“Initially, we agreed to name the LPA receiver to provide the best value for the asset and it sold it on the market for three months, but received only one offer. In the end, the potential buyer withdrew, but at least we set the market price for the value of the site, ”Mr. Lawless explained.

The recipient of the LPA disclaims any liability to the lender and manages the efficient sale and management of debt collection assets.

Mr Lawless added: “A consortium of investors offered to buy my interest at the price offered by the proposed buyer and I agreed to the sale. I would allow them to take control of the location on their own and complete the scheme, as investors in my Aura and Residence schemes do. Unfortunately, there was disagreement among the investors, so they withdrew the offer. We then put the scheme under management in agreement with the investors. The trustee has also marketed the property heavily in the last four months.

“Investors have not contacted me since to try to revive the deal. Under the rules that a trustee must operate, the site gets the best deal, and I would be happy to continue working closely with trustees and the consortium to find the best way to generate the highest returns for all investors. “

The construction site of the Epic Hotel at the bottom of Norfolk Street and Chaloner Street.
The construction site of the Epic Hotel at the bottom of Norfolk Street and Chaloner Street.

Mr Lawless is now the subject of an insolvency investigation. The developer said the matter is routine.

Richard Kemp, leader of Liverpool’s Liberal Democrats, has previously expressed concern about why the Liverpool Council sold the website to a sea-based company. He also expressed concern at the fact that Mr Lawless had paid £ 925,000 for the land, which was later estimated at more than £ 5 million.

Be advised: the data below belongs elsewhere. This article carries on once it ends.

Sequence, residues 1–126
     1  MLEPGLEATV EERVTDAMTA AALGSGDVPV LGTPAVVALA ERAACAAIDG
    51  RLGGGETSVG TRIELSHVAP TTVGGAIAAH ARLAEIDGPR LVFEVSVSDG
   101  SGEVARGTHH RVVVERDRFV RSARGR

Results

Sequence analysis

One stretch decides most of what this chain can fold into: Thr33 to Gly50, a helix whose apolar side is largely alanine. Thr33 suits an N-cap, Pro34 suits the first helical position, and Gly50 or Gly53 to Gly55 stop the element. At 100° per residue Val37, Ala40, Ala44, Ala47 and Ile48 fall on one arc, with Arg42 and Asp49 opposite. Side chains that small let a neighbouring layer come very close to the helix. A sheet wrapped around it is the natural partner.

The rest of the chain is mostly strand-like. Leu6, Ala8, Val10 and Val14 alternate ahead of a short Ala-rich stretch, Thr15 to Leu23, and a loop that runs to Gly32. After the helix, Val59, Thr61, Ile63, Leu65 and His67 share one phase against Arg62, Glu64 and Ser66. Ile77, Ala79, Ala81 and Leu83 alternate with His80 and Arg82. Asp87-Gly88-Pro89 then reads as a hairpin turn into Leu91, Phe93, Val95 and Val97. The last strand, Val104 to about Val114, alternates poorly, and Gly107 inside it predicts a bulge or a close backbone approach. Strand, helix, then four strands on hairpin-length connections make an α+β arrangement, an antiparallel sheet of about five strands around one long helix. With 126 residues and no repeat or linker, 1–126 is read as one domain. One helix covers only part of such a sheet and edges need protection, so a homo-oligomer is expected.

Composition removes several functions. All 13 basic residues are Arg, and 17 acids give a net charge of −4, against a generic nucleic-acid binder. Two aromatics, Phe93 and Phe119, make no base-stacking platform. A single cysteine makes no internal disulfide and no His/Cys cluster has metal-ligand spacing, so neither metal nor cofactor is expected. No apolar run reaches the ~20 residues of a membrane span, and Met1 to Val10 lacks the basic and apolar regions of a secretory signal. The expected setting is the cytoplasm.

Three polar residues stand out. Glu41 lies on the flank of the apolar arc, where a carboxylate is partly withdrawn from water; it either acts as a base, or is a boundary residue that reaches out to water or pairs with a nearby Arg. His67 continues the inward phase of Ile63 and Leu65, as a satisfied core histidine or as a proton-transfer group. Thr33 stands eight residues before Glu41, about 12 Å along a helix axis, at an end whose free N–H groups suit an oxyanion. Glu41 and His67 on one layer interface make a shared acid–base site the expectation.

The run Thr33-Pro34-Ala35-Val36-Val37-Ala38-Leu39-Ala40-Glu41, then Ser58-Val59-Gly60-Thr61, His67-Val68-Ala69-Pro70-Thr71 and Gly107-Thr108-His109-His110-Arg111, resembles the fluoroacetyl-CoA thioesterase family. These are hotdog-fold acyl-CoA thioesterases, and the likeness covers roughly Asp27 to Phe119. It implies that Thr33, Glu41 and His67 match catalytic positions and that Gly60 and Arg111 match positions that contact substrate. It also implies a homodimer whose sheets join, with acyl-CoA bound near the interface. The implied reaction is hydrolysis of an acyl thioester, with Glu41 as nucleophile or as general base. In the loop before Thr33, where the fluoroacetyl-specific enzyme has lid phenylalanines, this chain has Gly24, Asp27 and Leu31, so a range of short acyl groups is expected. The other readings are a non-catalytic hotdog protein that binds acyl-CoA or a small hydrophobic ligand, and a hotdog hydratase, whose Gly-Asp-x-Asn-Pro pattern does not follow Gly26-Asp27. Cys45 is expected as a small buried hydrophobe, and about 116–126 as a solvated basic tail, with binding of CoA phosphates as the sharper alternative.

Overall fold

Earlier this week, Cllr Kemp said in a statement to ECHO: “The way managers reduce initial investors to zero is perfectly legal, but completely immoral.

“These are people from all over the world who were convinced that Liverpool would be a good place to invest, and the developers and one-sided legal system have left it in the lurch.

“In November last year, the Council prepared a report that there were 39 halted events in the city, and also said that they were asking for the help of a combined body to solve problems under the scheme under the scheme. To date, I have seen nothing and what they are doing must be too little and too late for what investors find difficult to do.

“The council must now take action to ensure that the city’s reputation is not permanently damaged by the consequences of the inability of its own regeneration department.”

John Waller for HBG Advisory, administrator of the Norfolk Street Hotel, said: “Administrators are court clerks and are required to assess all claims against the company, including securities. This is an ongoing process.

“In the meantime, the property has been openly marketed for many months, and several offers have already been received.

“The trustee’s duty remains to provide the best offer for the property to provide creditors with the best possible return.”

A council spokesman said: “Liverpool City Council recognizes investor correspondence.

“Council officials will soon meet with representatives of investors in the scheme to discuss their position.

“The council is currently reviewing the contractual situation and will examine its implications for the council and the website in a timely manner.

“The Council cannot comment on the administrative procedure.”

The Liverpool Council is currently working with partners to identify bottlenecks where progress can be made. This process is expected to be completed by next spring.